Occupational Therapy



Leisure Occuations

Since its inception, occupational therapy has used occupation to influence recovery from illness, to promote adaptation to disability, and to prevent deterioration.  Occupational therapists believe that health derives from the pattern of occupations a person chooses across his/her lifespan.


 Self Care Occupations    Self Care Occupations

Self Care Occupations

Occupations are defined as "chunks of daily activity that can be named in lexicon of of the culture.  Fishing, grooming, weaving, and dining are all occupations".  Occupational therapists examine a person's skills and abilities, examine the occupations in which the person wants to engage, and examine the environment in which the occupation takes place. 

Work Occupations

In order to enable people to perform the occupations they find meaningful, occupational therapists may modify the occupation to suit the person's abilities.  The therapists may also modify the environment so that the person can optimally engage in the occupation.  Finally, the occupational therapist may assist the person in recovering skills necessary to achieve performance in the occupation.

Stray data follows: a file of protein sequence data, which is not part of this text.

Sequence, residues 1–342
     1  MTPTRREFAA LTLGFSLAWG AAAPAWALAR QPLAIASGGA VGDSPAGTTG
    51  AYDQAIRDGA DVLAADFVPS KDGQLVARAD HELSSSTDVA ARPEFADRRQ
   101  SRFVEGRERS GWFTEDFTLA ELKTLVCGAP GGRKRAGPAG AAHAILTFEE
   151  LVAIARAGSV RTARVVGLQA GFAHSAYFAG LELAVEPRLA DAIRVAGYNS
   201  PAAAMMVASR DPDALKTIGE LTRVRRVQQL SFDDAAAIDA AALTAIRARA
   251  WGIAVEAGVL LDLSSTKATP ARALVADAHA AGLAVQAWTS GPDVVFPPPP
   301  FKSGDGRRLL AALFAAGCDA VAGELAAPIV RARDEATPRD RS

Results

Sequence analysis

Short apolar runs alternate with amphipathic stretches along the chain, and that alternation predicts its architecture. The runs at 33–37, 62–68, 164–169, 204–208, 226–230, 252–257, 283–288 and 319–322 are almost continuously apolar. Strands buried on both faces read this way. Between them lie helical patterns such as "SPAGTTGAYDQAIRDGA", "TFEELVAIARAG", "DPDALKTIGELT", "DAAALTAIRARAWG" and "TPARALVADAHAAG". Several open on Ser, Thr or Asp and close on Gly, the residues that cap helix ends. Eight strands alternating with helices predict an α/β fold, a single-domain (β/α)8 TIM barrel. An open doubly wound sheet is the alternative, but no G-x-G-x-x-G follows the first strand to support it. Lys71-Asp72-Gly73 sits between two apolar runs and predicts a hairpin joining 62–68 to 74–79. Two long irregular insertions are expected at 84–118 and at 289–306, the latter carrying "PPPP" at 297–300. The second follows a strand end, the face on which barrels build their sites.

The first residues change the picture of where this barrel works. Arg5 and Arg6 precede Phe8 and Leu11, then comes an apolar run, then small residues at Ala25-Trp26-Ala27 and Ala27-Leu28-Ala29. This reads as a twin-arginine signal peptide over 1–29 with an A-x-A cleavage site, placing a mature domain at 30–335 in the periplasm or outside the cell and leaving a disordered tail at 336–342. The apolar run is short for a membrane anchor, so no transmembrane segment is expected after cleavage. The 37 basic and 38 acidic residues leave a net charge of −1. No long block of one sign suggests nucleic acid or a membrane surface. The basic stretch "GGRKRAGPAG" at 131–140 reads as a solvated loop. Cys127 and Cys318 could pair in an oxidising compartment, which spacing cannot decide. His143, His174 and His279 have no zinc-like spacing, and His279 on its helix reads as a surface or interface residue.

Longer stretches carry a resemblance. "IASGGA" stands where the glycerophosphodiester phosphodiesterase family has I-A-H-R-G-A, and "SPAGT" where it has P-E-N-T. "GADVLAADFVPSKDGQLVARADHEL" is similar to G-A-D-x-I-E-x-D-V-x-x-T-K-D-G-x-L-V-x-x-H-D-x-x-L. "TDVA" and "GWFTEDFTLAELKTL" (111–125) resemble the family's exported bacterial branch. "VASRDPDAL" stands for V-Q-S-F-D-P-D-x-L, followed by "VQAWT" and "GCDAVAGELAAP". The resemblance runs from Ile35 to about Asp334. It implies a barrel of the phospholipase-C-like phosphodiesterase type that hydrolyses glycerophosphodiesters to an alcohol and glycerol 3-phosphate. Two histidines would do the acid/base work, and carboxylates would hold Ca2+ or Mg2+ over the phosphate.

Occupational therapy students learn how leisure, self-care, and work occupations can be interrupted by physical, mental, environmental and sociocultural conditions.  OT students learn how biomechanical, neurological, psychological, environmental and sociocultural limitations can be remediated, or compensated for, through engaging in occupation.   Therefore, occupational therapy students learn to facilitate an individual's ability to participate in the occupations that have been meaningful and health-promoting in that person's life.

Page last modified January 15, 2015